What took so long?
The U.S. market adores pickup trucks because so many segments of the economy need them, from carpenters and contractors to farmers and landscapers. Many customers purchase pickups to pull boats, mobile homes, horse trailers and snowmobiles, so torque is key.
Sure, diesels dominate the market for heavy-duty pickups, but not everyone needs so much brute strength. That’s why the arrival of the new 3.0L turbodiesel V-6 in Chrysler’s Ram pickup and Jeep Grand Cherokee is reason to celebrate.
Truck buyers routinely pick V-8s because a naturally aspirated V-6 doesn’t always get the job done when the bed is loaded.
The light-duty diesel V-6 is the way to go for two main reasons: They are more fuel-efficient than gasoline V-8s and they trump them in torque, too, by a wide margin. The Ram diesel can tow 7,400 lbs. (3,357 kg). And diesels are most efficient compared with gasoline engines when pulling heavy loads.
Let’s consider two state-of-the-art gasoline 6-cyl. engines with forced induction, Audi’s 3.0L supercharged V-6 and BMW’s N55 3.0L turbo inline-6.
The German engines make more horsepower, but the Ram’s new turbodiesel with the same displacement out-torques the Bimmer by 40% and the Audi by 29%.
Take the comparison one step further and the diesel delivers 11% more torque than Ford’s excellent and reasonably new 5.0L V-8 in the F-150.
The other engine in the Ram pickup, Chrysler’s 5.7L Hemi V-8, also stumbles in comparison to this groundbreaking diesel, which beats the Hemi by 8% on the torque front.
Engineered in Italy by Fiat-owned VM Motori, the 3.0L turbodiesel serves up the red meat truck lovers can’t resist. It has a nice grumble, without being overly loud or annoying. Finally, pickup buyers can have the fuel-efficient torque they deserve.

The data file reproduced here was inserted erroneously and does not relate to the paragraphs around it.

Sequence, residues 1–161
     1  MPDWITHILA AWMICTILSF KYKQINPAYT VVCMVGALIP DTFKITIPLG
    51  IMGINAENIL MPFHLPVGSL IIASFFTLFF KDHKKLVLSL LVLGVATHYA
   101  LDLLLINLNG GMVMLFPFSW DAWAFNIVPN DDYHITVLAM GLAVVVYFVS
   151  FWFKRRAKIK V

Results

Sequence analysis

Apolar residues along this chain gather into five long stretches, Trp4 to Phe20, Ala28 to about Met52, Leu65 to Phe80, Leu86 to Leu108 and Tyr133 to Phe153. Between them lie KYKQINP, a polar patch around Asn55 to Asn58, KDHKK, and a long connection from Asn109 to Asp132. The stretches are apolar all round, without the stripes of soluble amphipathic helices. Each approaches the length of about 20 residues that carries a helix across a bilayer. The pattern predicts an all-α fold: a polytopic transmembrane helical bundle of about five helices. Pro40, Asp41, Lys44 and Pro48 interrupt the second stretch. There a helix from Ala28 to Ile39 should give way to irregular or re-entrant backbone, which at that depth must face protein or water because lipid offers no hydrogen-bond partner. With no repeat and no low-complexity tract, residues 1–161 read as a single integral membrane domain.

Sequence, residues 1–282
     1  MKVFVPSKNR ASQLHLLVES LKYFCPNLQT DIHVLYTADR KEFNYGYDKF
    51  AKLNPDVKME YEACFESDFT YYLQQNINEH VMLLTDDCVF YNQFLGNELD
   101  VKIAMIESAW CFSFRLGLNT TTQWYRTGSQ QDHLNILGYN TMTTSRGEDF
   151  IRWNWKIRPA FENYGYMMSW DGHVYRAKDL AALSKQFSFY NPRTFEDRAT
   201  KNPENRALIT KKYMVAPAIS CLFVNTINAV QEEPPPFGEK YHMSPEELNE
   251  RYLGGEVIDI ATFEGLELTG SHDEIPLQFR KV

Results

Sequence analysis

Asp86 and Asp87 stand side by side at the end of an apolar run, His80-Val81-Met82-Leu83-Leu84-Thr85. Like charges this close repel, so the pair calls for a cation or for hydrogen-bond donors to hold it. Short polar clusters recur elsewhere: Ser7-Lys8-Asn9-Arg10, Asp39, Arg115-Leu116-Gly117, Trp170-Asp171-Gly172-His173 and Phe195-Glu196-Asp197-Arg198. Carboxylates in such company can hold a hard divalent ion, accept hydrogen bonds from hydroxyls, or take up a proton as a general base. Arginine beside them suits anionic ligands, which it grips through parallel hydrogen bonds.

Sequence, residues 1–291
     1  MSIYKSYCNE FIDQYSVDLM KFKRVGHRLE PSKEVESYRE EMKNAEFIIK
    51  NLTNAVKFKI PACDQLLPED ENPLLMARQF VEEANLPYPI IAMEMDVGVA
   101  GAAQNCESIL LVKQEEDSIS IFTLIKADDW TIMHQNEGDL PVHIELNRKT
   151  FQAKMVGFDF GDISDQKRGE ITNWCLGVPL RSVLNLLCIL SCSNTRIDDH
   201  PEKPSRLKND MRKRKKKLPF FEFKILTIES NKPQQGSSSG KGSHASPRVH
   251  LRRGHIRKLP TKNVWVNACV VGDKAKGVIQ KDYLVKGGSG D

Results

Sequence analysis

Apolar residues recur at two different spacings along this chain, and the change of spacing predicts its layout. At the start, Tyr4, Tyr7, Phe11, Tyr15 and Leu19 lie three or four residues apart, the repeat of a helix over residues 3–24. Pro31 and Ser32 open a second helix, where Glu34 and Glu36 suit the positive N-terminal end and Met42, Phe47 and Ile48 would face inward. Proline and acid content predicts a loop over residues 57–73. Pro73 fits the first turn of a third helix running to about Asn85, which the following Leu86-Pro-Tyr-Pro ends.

WardsAuto editors say this engine “fits the Ram perfectly” and “is one of the quietest diesels I’ve driven.” Even in a truck, the 3.0L is barely louder than diesels of the same displacement in expensive German luxury cars.
Fuel economy during our testing approached 24 mpg (9.8 L/100 km) – not bad for a truck weighing close to 6,000 lbs. (2,722 kg).
On the technology front, Chrysler gets by with conventional solenoid injectors, rather than more expensive, faster-acting piezo electronic sprayers, and the urea tank for selective catalytic reduction needs to be refilled every 10,000 miles (16,093 km). Chrysler expects the Ram diesel take-rate to be about 15%.
Diesel detractors talk about the price premium for all this technology, but this engine can be had in Ram Tradesman trim for just over $30,000, a bargain.
The cost of diesel fuel is another moving target. Let’s run some numbers.
The average retail price of diesel in October was $3.89 per gallon, compared with $3.35 for regular unleaded gasoline. The owner of a V-8 pickup getting 17 mpg (13.8 L/100 km) will pay almost $0.20 per mile driven. Meanwhile, the diesel V-6 truck getting 24 mpg will cost $0.16 per mile. Don’t be surprised if real-world fuel economy exceeds 24 mpg, making the diesel even more appealing.
So, what took so long for a light-duty diesel to arrive in a U.S. pickup?
Automakers were afraid Americans would resist diesels because they remember the dark days when low-grade oil-burners rattled like maracas and threw off massive clouds of black smoke, assuming they could start at all.
At least two generations of drivers don’t even know that chapter of automotive history, so congratulations to Chrysler for capitalizing on European diesel expertise in bringing this technology to the U.S.
Take note, General Motors and Ford. Time for you both to catch up.